Last week on Friday, June 14th I attended the NDSA Regional Meeting hosted by the Metropolitan New York Library Council in New York City. This regional meeting of National Digital Stewardship Alliance members, NDIIPP project partners and other institutions interested in digital stewardship was held in an “unconference” format allowing for various short and long presentations on institution activities that are focused around digital stewardship and an open agenda session for topics of discussion to arise. Sibyl presented on the work the Digital Team has accomplished at the RAC creating and implementing a digital preservation program from ingest to access.
The NDSA’s mission is “to establish, maintain, and advance the capacity to preserve our nation’s digital resources for the benefit of present and future generations.” The alliance takes a collaborative approach to preserve access to digital cultural heritage. Regional meetings are held to supply needed face to face communication. Jefferson Bailey hosted this regional event and is the NDSA Innovation Working Group co-chair.
He presented on NDSR (National Digital Stewardship Residency) which is a post-graduate residency level program dedicated to advance recent graduates digital stewardship knowledge and skills in the field. The residencies will start in September 2013 and will be hosted by various institutions in Washington D.C.
AVpreserve gave two great presentations by Chris Lacinak and Kara Van Malssen. Chris presented a new tool that is in the beta testing stages called Fixity. It routinely monitors checksums in a repository. Fixity would be a good tool to look into for the RAC Digital Program. It would be useful to use to monitor our AIPs and DIPs and other digital objects. Currently, we use Ace Audit Manager.
Kara presented remote digital preservation camp called CURATEcamp AVpres 2013 that was held on April 19th, 2013. It was a conference that was hosted remotely and allowed information professionals across the globe to participate in a conference on the internet using Google Hangouts, Google Docs, a CURATECAMP wiki and Youtube. Archived video streams and notes for each presentation are available on the CURATEcamp AVpres wiki. Kara’s presentation was fantastic. I look forward to see more of these type of online conferences in the future. By having conferences and workshops online it could open more doors to create more accessibility for access to conferences and workshops in order to share information, workflow experiences and education in the archival community.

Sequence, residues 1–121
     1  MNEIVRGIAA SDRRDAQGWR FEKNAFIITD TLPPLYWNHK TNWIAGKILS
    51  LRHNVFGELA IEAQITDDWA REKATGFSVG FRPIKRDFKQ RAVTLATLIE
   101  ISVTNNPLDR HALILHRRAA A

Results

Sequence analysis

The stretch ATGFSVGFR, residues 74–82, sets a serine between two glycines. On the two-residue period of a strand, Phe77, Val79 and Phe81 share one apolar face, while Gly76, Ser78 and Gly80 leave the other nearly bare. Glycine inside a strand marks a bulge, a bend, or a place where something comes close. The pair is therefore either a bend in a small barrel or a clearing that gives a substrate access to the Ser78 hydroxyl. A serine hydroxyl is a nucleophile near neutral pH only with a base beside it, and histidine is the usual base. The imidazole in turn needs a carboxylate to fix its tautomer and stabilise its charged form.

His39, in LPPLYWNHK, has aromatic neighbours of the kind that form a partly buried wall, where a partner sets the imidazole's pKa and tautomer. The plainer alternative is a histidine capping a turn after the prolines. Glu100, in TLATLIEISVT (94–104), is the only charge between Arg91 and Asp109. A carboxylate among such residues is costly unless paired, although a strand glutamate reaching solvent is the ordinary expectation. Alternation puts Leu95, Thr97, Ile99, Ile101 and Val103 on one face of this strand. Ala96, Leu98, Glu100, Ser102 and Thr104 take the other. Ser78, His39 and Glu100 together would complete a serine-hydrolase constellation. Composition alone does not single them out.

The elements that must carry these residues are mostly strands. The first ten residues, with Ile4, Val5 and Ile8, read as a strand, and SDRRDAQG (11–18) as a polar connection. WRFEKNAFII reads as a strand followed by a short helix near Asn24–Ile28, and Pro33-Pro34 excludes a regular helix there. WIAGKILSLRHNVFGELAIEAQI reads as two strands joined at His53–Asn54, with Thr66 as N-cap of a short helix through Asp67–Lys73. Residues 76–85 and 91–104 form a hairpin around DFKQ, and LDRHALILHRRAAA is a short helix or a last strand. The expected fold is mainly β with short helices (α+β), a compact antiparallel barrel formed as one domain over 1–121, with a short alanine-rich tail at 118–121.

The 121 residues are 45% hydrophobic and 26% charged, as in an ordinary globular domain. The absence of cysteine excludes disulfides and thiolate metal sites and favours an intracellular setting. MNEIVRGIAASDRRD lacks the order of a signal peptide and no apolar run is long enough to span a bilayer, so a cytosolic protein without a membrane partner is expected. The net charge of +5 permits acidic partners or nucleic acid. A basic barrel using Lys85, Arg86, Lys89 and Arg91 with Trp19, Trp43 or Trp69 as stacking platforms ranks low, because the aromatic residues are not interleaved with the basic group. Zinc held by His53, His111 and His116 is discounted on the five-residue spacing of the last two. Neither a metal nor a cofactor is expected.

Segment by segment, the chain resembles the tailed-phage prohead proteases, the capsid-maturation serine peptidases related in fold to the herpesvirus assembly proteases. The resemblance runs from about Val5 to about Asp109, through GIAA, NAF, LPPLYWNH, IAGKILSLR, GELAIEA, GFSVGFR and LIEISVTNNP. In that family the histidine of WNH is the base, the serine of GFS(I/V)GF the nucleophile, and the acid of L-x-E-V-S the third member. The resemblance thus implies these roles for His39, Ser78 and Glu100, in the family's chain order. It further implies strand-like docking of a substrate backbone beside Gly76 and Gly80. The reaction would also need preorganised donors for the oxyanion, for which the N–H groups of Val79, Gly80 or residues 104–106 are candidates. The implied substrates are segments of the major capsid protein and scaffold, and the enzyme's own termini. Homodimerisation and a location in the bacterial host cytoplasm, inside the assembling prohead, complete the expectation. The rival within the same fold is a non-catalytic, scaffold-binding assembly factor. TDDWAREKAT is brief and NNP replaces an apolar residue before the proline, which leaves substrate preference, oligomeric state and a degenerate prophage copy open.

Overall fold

Tessella presented on their digital preservation service Preservica. Preservica is a proprietary digital preservation system like Archivematica, but also has a storage repository built into the costs.
Don Mennerich of the New York Public Library presented on access to born digital records. He discussed how to use various tools to image and access data on digital media such as KryoFlux, Forensic Toolkit, Quick View Plus, PST Viewer Pro and other emulators. At the RAC, we will be purchasing a KryoFlux this summer to test out and are currently using FTK Imager as part of our digital media workflow. It would be good to look into the other tools that were in Don’s presentation and determine if and how they could be incorporated into the RAC workflows.
Ben Fino-Radin of MOMA discussed emulation as a digital preservation strategy by using various open source tools such as Mini vMac, Basilisk II, SheepShaver, DOS box, VirtualBox, and Citrix XenApp that can run emulation of programs from the late 1970s-2001. The emulators that were the focus of this presentation are for Mac machines and the content that was being emulated was a video game installation at MOMA.
Afternoon open agenda discussions included topics such as handling of legacy format materials, the NDSA levels of preservation, creating a community based website where collective digital stewardship ideas, questions and documentation could be centralized as a reference tool for the community. This topic of discussion arose after Mark Matienzo, a Digital Archivist at Yale University and Technical Architect for ArchivesSpace Project presented on the fact that there is no longer a collective site available of digital stewardship knowledge after the Libraries and Information Science stackexchange website had been shut down. It would be great if a resource like this was up and running again on another platform in order to promote centralized communication.
All in all, it was a very interesting meeting that touched on various facets of digital stewardship. It was great to see how other institutions are contributing to the field and coming back to the RAC to see if some of the ideas and workflows other institutions are implementing or looking into could be applied at our institution.